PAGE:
More social enterprises in Singapore are supporting people with disabilities

Social enterprise cafe Foreword Coffee has 32 employees across seven outlets, including 26 staff with disabilities. PHOTO: LIM WEI JIE

SINGAPORE - More social enterprises are supporting people with disabilities despite challenges, including those from customers they serve.

Children's enrichment centre School of Concepts, which has two branches, has 20 employees, including seven with disabilities.

Ms Mint Lim, the founder of the social enterprise, which provides literacy programmes for children under 12, said her staff include individuals who are deaf, have visual impairment, autism or intellectual disabilities.

"We interview them and hire them based on their strengths. After one year of training, they're productive and consistent, and contribute very well," said Ms Lim.

They come from schools run by the Association for Persons with Special Needs and take on roles such as a receptionist or work in telesales.

But these roles are not without issues.

Ms Lim related an incident at a School of Concepts centre in 2020.

A mother, upset that a classroom assistant had allowed her two-year-old child to use the bathroom without donning her shoes, yelled at the young woman.

But the classroom assistant has selective mutism, an anxiety disorder where a person is unable to speak in certain social situations.

The mother eventually pulled her daughter out of the school, but the classroom assistant continues to work there.

Figures from the Singapore Centre for Social Enterprise showed that the proportion of social enterprises supporting people with disabilities rose from 24 per cent in 2021 to 25.5 per cent in 2022.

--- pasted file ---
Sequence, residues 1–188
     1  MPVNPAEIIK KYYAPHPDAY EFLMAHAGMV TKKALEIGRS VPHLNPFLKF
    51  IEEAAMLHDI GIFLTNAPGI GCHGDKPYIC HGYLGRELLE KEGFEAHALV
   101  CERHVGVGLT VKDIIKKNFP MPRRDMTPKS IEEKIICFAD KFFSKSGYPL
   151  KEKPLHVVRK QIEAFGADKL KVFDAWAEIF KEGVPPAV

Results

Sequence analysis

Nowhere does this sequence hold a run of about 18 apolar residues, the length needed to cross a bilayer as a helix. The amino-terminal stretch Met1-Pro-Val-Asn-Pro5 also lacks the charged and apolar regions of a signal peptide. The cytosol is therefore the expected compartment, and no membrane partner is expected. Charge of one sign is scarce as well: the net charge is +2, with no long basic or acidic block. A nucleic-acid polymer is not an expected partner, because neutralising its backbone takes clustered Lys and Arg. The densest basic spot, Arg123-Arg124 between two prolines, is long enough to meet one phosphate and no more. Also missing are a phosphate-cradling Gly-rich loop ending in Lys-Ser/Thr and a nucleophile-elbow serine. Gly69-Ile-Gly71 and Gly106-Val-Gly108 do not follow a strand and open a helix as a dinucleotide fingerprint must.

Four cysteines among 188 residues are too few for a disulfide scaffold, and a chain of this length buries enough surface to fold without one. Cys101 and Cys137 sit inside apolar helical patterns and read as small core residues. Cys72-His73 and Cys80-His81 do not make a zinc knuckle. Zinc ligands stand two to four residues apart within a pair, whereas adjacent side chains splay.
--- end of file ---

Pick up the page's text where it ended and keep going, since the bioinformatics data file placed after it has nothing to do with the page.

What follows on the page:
There are now 93 social enterprises which employ, train or create products and services for people with disabilities, up from 90 in 2021.

Children's enrichment centre School of Concepts, has 20 employees, including seven with disabilities. PHOTO: MINT LIM

Mr Lim Wei Jie, who co-founded social enterprise cafe Foreword Coffee in 2017, said its seven outlets are run by 32 employees. The staff include 26 employees who are deaf, autistic, or have intellectual disabilities or cerebral palsy.

They were referred by the Movement for the Intellectually Disabled of Singapore, a social service agency serving people with intellectual disabilities and their families, and the charity SPD, which helps people with disabilities.

Ms Lim and Mr Lim, who are not related, said new hires with disabilities often lack confidence.

"When some of them come in, they have low confidence. So we make it easy for them at first, so they can celebrate small wins and build confidence," said Mr Lim.

They learn by working at one workstation at a time, such as dishwashing or making espresso.

Mr Lim said employees who make it past the three-month probation mark usually stay with the cafe for about three years.

The Enabling Masterplan 2030 road map launched in August set an aspirational target of 40 per cent employment of people with disabilities by 2030, up from the current 30 per cent. This would mean placing about 10,000 more people with disabilities into jobs.

But the road map identified a gap as well - employers need to have the awareness, expertise and willingness to accommodate people with disabilities in the workplace.

Ms Lim said she does this by investing in soft skills training, and providing special needs employees with a mentor and a buddy. She also guides the team they work with, and allows time for them to build good work habits.

Mr Lim taps funds from disability agency SG Enable, such as the training grant and the job redesign grant, to procure coffee machines suited to the needs of people with disabilities who work as baristas.

Mr Lim said he offsets the higher manpower costs, from engaging job coaches for his special needs staff, with the low rental rates he secured from landlords who support the social cause. "Some outlets are not performing as well as they should be, and better-performing ones cover for them," he added.

Ms Lim said she channels 30 per cent of the business' revenue back into training the special needs staff.

Despite the challenges, both said they will continue with the ventures.

Ms Lim said of the social enterprise she set up in 2017: "Parents can see hope when our colleagues (with selective mutism) can actually speak and communicate eventually, and find a job.

"At the same time, our students learn empathy too when they help out our staff."

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